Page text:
Award Winner 2011

Amr Taher Ahmed

La “Révolution littéraire”. Étude de l’influence de la poésie française sur la modernisation des formes poétiques persanes au début du XXe siècle [The “Literary Revolution”. A Study of the Influence of French Poetry on the Modernization of Persian Poetic Forms in the Early 20th Century], Vienna: Verlag der Österreichischen Akademie der Wissenschaften, 2012.

Amr Taher Ahmed is a specialist of modern Persian and Kurdish poetry and metrics working at the Institute of Iranian Studies, Austrian Academy of Sciences, Vienna.
After studying Kurdish literature at the University of Duhok (Iraqi Kurdistan), where he worked as a teaching and research assistant, he was awarded a doctoral fellowship by the French Ministry of Foreign Affairs. He moved to France in 2002 to complete his curriculum in Iranian Studies and Comparative Literature. Amr Ahmed received his PhD (Dr. phil.) in Comparative Literature at the Sorbonne Nouvelle, Paris, in 2009.

Amr Ahmed has published a monograph, Nîma Yušij u Ebdollah Goran, niwêkirdinewe u dabiran [Nimâ Yušij and Abdollah Goran: Renewal and Breakthrough] (in Sorani), Duhok: Spîrêz, 2006. Other publications include “Le statut de la métrique populaire dans la poétique de Nima Yušij”, Studia Iranica 36/2, 2007: 251-277 and, in collaboration with Bruno Paoli, “Métrique des premiers vers persans”, Bulletin d’Études Orientales 59, 2010: 127-140.

His fields of research include the history of modern Persian and Kurdish literatures, quantitative and syllabic-accentual metrics, free verse, poetic forms and literary influences. He was appointed researcher at the Institute of Iranian Studies, Vienna, in March 2010.

Award Winners 2007

Markus Ritter

Moscheen und Madrasabauten in Iran 1785-1848: Architektur zwischen Rückgriff und Neuerung [Mosques and Madrases in Iran 1785-1848: architecture between readaptation and innovation]. Brill: Leiden, Boston [2005] 2006. Islamic History and Civilization: Studies and Texts; Band 62 (German, English Summary)

Markus Ritter is full professor for History of Islamic Art at the Institute of Art History, University of Vienna, since 2012. Before that he had worked as a researcher at the Institute of Iranian Studies, Austrian Academy of Sciences. He has taught at different Universities in Germany, Austria and Switzerland. He is co-founder and vicepresident of the Ernst Herzfeld Society for Studies in Islamic Art and Archaeology.

His research interests include the late medieval and early modern periods of Islamic art in Iran, in particular architecture and wall painting, and medieval Arab art in the Near East.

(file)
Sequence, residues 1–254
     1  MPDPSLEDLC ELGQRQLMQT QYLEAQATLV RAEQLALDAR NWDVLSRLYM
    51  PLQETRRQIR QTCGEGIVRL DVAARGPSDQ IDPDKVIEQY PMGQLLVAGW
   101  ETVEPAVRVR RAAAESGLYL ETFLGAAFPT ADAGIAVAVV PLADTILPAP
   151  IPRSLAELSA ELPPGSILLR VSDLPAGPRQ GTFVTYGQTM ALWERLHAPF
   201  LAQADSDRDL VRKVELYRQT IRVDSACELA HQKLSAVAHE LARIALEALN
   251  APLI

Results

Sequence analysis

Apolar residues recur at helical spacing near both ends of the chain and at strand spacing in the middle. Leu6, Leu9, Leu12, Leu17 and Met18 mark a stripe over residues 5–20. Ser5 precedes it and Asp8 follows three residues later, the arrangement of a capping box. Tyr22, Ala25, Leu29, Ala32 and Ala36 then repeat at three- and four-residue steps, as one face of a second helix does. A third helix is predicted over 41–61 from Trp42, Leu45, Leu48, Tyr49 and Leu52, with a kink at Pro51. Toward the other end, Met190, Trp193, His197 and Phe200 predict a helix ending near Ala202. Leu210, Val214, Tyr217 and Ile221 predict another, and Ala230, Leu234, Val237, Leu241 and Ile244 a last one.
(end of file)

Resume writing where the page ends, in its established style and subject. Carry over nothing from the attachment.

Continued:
After studying at the University of Bamberg/Germany, the American University in Cairo/Egypt, and the State University of Tehran/Iran, Ritter received his PhD (Dr. phil.) in the discipline of Islamic Art History and Archaeology at Bamberg in 2003. Further disciplines included Iranian Studies, Islamic Studies, Turkology, Architectural History. He also holds an MA in Islamic Studies.

Ritter published the first scholarly monograph on Qajar architecture, Mosques and Madrases in Iran 1785-1848: architecture between readaptation and innovation (German, English Summary), Leiden: Brill 2005 (Islamic History and Civilization; 62). He is the main editor of the collective volume, Iran and Iranianate Cultures (Festschrift Bert G. Fragner), Wiesbaden: Reichert 2008 (Beiträge zur Iranistik; 27). A forthcoming book deals with the architectural decoration of the Arab palace Khirbat al-Minya at Lake Tiberias in Umayyad Palestine.

The book on Iranian architecture won the SIE-award in 2007; the manuscript of the thesis, on which it was based, the “First Prize of Annual Cultural Research” by the State President of the Islamic republic of Iran (Muhammad Khatami) in 2004.


Agnes Korn

Towards a Historical Grammar of Balochi Studies in Balochi Historical Phonology and Vocabulary [Beiträge zur Iranistik 26] Wiesbaden (Reichert) 2005.

Studium der Indogermanistik in Hamburg und Wien (Mag.a phil. 1996), 1995/96 Lektorin für Deutsch in Banská Bystrica (Slowakei), 1996-98 Mitarbeiterin an einem Wörterbuchprojekt in Graz, Promotionsstudium in Vergleichender Sprachwissenschaft in Frankfurt a. M. (Dr. phil. 2003), seit Mai 1998 wissenschaftliche Mitarbeiterin bzw. Assistentin am Institut für Vergleichende Sprachwissenschaft usw. in Frankfurt a. M. 2007 European Award of Iranian Studies der Societas Iranologica Europaea für die Doktorarbeit 2008 Award for Research Cooperation and High Excellence in Science der Minerva-Stiftung.